A funny thing happened to Telemundo Group (TLMD) after it emerged from 18 months in bankruptcy on Jan. 3: Its stock, then at 7, shot up to 155/8 by June 13. What's going on?
The cast of characters who are involved in the company may have a lot to do with the impressive climb. Telemundo is a Spanish-language TV network based in Miami that reaches 86% of U.S. Hispanic households. The person who guided Telemundo out of bankruptcy was Leon Black, who also runs Apollo Advisors, a "vulture fund" that scoops up depressed shares of distressed companies. Using Apollo's 15% stake, Black took over as chairman and crafted Telemundo's recovery. It's clear to many pros that Black isn't enthusiastic about running a TV network, so they reckon he'll rejuvenate Telemundo and then sell it.
Another big stakeholder (10%) is Arthur Goldberg, president and CEO of Bally Entertainment, which owns casinos. He is still buying and some think he will make a run for the company.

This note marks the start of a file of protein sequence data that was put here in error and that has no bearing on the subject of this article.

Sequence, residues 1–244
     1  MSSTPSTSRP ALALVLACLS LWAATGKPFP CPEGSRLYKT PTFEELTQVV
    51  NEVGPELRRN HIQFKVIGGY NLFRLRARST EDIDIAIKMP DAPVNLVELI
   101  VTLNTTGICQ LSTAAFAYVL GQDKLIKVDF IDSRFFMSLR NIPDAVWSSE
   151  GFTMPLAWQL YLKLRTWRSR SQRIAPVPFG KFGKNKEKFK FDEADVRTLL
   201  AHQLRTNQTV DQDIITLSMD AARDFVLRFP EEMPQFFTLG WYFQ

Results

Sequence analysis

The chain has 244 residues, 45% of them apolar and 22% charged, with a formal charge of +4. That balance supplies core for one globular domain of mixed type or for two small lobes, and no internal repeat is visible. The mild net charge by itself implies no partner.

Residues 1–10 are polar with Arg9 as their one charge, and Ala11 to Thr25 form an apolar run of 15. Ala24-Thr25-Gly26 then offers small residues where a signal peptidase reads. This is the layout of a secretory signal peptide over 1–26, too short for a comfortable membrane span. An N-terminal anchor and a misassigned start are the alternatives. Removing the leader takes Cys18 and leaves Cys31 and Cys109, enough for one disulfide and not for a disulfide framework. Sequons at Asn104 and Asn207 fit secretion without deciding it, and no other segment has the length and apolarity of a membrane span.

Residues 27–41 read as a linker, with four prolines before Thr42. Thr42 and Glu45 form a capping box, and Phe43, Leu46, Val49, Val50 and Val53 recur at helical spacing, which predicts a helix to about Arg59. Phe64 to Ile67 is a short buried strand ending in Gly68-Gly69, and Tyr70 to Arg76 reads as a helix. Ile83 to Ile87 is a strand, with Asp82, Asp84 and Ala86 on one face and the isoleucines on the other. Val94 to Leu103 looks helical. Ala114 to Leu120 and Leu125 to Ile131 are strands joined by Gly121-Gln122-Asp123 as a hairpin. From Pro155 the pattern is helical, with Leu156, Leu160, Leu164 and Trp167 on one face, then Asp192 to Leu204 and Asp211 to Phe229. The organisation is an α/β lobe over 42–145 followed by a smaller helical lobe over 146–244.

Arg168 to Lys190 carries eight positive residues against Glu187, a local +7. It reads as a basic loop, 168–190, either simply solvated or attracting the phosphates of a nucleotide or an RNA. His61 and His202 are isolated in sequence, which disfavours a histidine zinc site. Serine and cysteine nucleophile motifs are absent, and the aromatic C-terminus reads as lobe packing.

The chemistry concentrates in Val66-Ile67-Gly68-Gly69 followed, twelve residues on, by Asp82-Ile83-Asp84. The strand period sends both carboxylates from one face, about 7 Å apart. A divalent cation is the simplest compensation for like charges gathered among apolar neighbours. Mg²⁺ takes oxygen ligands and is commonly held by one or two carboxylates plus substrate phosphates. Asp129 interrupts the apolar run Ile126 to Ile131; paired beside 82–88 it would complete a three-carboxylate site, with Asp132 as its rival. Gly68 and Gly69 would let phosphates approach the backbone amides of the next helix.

Some investors believe Telemundo's new president and CEO, 37-year-old Ronald Hernandez, also wants to buy the company. He founded and owns Interspan Communications, which formed KFWD-TV, a Telemundo affiliate in Dallas-Fort Worth. Hernandez owns about 5% of the stock, and rumors say he has been buying more. A New York hedge-fund manager says Hernandez wants to take the company private. Goldberg declined comment. Hernandez didn't return calls.